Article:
CAPETOWN, SOUTH AFRICA: While it is common and easy to pick these words, “South African Customs Union” or SACU, on each and every budget speech delivered by Botswana’s Finance Minister Kenneth Matambo, the same cannot be said about his South African counterpart’s budget speeches.
The repeated mention or lack thereof of “SACU” in a budget speech was repeated in this year speeches delivered by Matambo and his South African counterpart Parvin Gordhan in early February and Wednesday respectively.
In early February, Matambo mentioned that Customs and Excise revenues, specifically SACU revenues, have for a long time been Botswana’s second largest source of revenue after diamonds.
“But these have of late been fluctuating due to performance of imports within the SACU region. With mineral revenues declining and those from SACU being volatile, there is therefore an urgent need to diversify our revenue base towards more sustainable and reliable sources,” Matambo said.
On the other hand, while giving his budget proposal speech here on Wednesday, Gordhan cared less about SACU or its much talked about “revenue sharing formula” which is still under review.
SACU is a custom union amongst five member states, South Africa, Botswana, Namibia, Lesotho, and Swaziland who are also subscribers to the larger regional bloc – Southern African Development Community (SADC).
On Wednesday, the closest that Gordhan came to talk about SACU was when he mentioned the need to modernise customs administration and combating of cross border revenue leakages.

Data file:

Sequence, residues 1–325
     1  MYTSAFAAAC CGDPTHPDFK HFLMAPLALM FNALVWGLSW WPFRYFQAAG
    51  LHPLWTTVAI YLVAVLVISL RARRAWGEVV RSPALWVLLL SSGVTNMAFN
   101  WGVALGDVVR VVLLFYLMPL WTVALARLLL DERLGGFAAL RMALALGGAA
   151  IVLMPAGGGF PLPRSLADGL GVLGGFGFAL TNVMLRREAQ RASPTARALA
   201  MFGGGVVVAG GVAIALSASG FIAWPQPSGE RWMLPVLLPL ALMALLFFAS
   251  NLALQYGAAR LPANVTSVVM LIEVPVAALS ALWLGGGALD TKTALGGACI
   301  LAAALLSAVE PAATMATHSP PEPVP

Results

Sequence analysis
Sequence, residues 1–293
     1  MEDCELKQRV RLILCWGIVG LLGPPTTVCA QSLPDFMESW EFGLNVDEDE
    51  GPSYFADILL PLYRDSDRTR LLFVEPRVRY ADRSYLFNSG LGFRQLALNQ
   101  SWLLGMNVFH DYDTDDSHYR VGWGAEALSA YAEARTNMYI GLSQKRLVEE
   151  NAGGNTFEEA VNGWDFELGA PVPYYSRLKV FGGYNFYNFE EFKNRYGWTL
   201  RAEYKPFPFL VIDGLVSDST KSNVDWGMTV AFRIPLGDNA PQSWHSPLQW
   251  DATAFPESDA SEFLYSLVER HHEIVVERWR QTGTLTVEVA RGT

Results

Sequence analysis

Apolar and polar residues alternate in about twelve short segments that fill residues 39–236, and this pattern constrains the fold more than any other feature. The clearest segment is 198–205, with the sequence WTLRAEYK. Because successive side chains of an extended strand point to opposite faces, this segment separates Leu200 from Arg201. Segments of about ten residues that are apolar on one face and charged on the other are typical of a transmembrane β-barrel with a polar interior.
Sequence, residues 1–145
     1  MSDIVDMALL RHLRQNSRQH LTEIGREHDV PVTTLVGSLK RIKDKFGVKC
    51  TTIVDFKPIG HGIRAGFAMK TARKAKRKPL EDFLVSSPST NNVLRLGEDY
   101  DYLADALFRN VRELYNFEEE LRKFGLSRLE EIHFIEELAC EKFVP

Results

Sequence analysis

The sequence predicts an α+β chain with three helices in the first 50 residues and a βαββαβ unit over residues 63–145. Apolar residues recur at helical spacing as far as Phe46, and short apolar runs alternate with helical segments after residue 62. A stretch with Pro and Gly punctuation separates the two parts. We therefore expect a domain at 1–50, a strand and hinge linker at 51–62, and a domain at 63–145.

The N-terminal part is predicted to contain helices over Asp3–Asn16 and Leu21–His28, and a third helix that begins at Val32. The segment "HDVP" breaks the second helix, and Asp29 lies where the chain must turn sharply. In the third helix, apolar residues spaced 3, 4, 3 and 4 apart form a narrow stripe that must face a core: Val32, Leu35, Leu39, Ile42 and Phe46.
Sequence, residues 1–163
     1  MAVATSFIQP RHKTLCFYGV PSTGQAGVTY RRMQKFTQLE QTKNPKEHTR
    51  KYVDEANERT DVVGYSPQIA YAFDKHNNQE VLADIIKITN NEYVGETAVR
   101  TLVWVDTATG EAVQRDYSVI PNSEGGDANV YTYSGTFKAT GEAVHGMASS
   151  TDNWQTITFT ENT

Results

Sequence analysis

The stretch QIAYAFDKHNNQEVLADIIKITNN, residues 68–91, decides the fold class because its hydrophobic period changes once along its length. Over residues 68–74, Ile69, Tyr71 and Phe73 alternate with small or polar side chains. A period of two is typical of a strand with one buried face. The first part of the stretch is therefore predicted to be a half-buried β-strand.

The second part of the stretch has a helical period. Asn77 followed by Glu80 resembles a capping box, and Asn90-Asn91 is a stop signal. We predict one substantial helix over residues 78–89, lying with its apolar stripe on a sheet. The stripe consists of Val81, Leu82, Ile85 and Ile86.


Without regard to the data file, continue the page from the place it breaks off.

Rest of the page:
“Multinational companies will be required to file further information with SARS on cross border activities from the end of year. We will continue to work actively with the international tax community and within government to modernise customs administration, money laundering and harmful tax practices,” Gordhan said.
Still on Wednesday, Gordhan told South Africans of a pending decision by his government to increase the excise duties for alcohol and tobacco with a rate of between six and 10 percent.
Although it is not clear how the increase in tax rate will affect the pockets of both South African and Botswana consumers, the move is likely to also have an impact on the revenue distributed to SACU member states.
In Botswana, elbow benders continue to feel the pinch of an alcohol levy which was introduced by President Ian Khama some eight years. The levy currently sits at 50 percent and has been increased on an annual by basis by at least 5 percent except in 2016.
The levy continues to receive heavy criticism from both consumers as well as leading local brewer, Sechaba Holdings.